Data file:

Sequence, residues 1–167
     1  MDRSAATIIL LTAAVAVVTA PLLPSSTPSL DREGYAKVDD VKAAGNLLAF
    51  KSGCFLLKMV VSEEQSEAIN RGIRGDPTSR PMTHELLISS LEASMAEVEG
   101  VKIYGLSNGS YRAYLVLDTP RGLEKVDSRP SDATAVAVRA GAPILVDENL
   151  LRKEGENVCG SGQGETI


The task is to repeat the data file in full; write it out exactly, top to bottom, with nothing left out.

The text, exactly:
Sequence, residues 1–167
     1  MDRSAATIIL LTAAVAVVTA PLLPSSTPSL DREGYAKVDD VKAAGNLLAF
    51  KSGCFLLKMV VSEEQSEAIN RGIRGDPTSR PMTHELLISS LEASMAEVEG
   101  VKIYGLSNGS YRAYLVLDTP RGLEKVDSRP SDATAVAVRA GAPILVDENL
   151  LRKEGENVCG SGQGETI